Anders was not accustomed to picking up messes, whether the messes his own or those great earthly events beyond a single man's control. Easier to leave them and move on. Escaping the Circle made nomadic existence both appealing and necessary, a selfish lifestyle that never bothered him much before. It was not as though he had no compassion; however shallow his bravery reserves and however foul or craven his past deeds, a good heart was a prerequisite for becoming a healer. It was not as though Anders did not have any regrets or enduring doubts about his failings, because "being an opportunist" didn't erase every shame. It was simply that, due to rootlessness and his own self-investment, the mage never really rebuilt anything. He had no compelling reason to stay and piece together disaster zones. He never even thought about what that might entail.
It felt… good, actually.
Anders realized it might have seemed – well, sick was the only word that came to mind – taking pleasure in all this destruction while single mothers stood outside their gutted tenements, orphans ate kelp and rotten herrings were sloughed over the drops by broom sweeps. Justice would just have to trust that he didn't mean it that way. There was nothing particularly thrilling or loyalty-inspiring about a bunch of driftwood piled outside his clinic door, to be sure. This good feeling wasn't personal relief after a disaster – building and body intact – while others surveyed their losses. It was a grounding sort of goodness, sincere and simple. Perhaps it was merely having a home to rebuild.
"I understand what you meant, Anders."
Maybe he could eventually come understand what Amaranthine had been to Nate; much as it scorned the Howe legacy, that city had been his birthplace, anchor and (though Anders hated this word) duty. It was a responsibility he adopted willingly – not because he was a deluded noble, an exile-in-denial – but because it came as naturally as walking through the wet highland moors at the end of every day. There were some things you gave up for the sake of being yourself – warmth, stability, friends left to sink or swim. But this is not something the man was sure he could. His courage had yet to really be tested in Kirkwall, and perhaps freedom would always mean more than a home to him, but Anders was not about to carelessly abandon this small niche he had cut for himself. That would be a decision made with time, hesitation and honest regret. He was not about to off and leave just because storm winds howled at these city walls, at least. Not because Meredith Stannard and her templars horned their bigotry about with axes instead of chains. And not for the friendship of a family of Hawkes.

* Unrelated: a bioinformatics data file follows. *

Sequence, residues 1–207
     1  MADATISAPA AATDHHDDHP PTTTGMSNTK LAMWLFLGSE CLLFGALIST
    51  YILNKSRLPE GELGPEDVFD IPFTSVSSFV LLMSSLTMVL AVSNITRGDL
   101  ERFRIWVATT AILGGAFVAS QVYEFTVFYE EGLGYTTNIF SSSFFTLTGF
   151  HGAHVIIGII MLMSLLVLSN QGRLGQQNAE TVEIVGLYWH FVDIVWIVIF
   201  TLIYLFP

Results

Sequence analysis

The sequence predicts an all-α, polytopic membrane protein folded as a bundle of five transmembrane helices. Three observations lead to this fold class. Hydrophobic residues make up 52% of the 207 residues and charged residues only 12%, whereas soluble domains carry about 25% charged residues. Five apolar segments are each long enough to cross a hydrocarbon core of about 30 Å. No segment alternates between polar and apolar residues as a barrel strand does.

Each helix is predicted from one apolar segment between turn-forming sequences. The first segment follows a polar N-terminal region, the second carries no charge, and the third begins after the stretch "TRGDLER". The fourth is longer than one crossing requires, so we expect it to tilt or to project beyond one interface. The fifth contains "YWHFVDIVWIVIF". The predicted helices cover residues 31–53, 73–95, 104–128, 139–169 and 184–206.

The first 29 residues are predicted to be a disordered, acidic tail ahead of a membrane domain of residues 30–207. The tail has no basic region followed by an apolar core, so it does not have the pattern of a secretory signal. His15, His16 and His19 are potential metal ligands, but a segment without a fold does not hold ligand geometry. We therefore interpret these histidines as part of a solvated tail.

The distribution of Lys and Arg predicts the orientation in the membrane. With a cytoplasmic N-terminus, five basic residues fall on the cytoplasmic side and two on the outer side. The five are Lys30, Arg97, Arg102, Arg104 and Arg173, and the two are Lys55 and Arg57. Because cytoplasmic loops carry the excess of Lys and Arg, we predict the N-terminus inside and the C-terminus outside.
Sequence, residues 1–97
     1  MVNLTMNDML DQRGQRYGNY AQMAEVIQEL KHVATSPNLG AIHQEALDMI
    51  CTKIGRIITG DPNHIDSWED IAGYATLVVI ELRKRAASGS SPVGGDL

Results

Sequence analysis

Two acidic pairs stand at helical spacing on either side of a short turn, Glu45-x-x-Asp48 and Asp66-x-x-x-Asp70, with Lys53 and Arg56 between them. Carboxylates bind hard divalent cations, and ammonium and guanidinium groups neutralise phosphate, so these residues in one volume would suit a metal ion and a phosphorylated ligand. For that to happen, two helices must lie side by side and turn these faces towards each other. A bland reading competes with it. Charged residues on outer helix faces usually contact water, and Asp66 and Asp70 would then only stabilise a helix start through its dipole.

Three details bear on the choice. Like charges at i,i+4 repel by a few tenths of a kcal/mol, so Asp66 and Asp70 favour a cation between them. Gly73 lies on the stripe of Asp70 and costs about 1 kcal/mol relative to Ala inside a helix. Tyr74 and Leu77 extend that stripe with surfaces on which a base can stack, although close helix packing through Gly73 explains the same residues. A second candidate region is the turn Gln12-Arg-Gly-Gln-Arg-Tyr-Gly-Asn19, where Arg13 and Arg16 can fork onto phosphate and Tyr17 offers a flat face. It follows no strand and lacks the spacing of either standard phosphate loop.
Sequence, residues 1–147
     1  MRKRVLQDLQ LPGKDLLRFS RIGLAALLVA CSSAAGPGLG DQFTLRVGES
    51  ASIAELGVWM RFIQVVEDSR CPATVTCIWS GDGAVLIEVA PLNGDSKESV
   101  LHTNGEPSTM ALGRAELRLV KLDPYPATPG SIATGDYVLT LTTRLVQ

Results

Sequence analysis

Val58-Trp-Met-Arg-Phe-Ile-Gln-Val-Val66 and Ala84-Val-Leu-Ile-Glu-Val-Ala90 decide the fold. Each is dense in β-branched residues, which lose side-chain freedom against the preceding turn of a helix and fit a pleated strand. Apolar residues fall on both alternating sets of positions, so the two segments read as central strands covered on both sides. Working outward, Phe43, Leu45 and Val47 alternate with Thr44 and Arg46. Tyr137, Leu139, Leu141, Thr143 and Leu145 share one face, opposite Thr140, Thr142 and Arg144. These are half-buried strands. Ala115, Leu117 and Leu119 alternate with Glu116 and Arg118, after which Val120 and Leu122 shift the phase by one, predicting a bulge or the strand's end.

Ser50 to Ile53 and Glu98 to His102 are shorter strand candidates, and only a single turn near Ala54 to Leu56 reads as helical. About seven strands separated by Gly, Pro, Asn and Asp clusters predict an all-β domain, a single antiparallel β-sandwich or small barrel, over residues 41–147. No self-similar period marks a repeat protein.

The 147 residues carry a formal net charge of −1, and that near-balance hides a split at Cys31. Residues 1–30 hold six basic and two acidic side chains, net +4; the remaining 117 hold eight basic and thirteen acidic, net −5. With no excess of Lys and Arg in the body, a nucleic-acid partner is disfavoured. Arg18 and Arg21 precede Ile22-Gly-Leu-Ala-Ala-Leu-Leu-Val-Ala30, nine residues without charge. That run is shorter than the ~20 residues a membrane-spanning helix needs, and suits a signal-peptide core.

"Watch where you place your feet, mage," Justice reminded him, warning about all this broken glass, but It felt more like his quiet acknowledgement of I'm proud of you.
Before Anders could reach his warehouse doors, now propped open again after many days bolted shut, Tomwise caught him. The shifty elf, slowed by that persistent limp of his, informed their resident surgeon he was needed down by the Overlook. It was a popular Darktown fishing spot, less of an overlook and more a ragged patio of wood and stone forking over the Amaranthine shallows. Bored laborers would set out makeshift poles crafted from twine and broomsticks; feuding lovers or bragging adolescents threatened to jump off into a wave; adventurous children rappelled over the rails (though that was generally discouraged). Anders's very pessimistic first thought was that the whole rickety foundation had collapsed and been swept halfway to Orlais, leaving battered bodies in a heap below. Tomwise assured him that wasn't the case, but you learned to always expect the worst as an apostate, even if you did so with a smile.
"Nothing that dramatic," the ex-assassin informed him, picking splinters from one spindly hand. Tomwise worked at what he could. You had to wonder who those hands had killed in years past – diplomats, blueblood stock or petty enemies? – but Anders had the personal experience to know better than asking. No reason to start conversations of that nature with quiet neighbors or with casual friends, and this beady-eyed alchemist was both. "Next door block just needs help moving some debris that's too large to lift. Cement support burst its hinges, I suppose. Can't cut it. Evelina's already gone to see but says she'd prefer to wait for an extra hand." A pause. "That's one horrific imagination you've got there, though. My compliments. "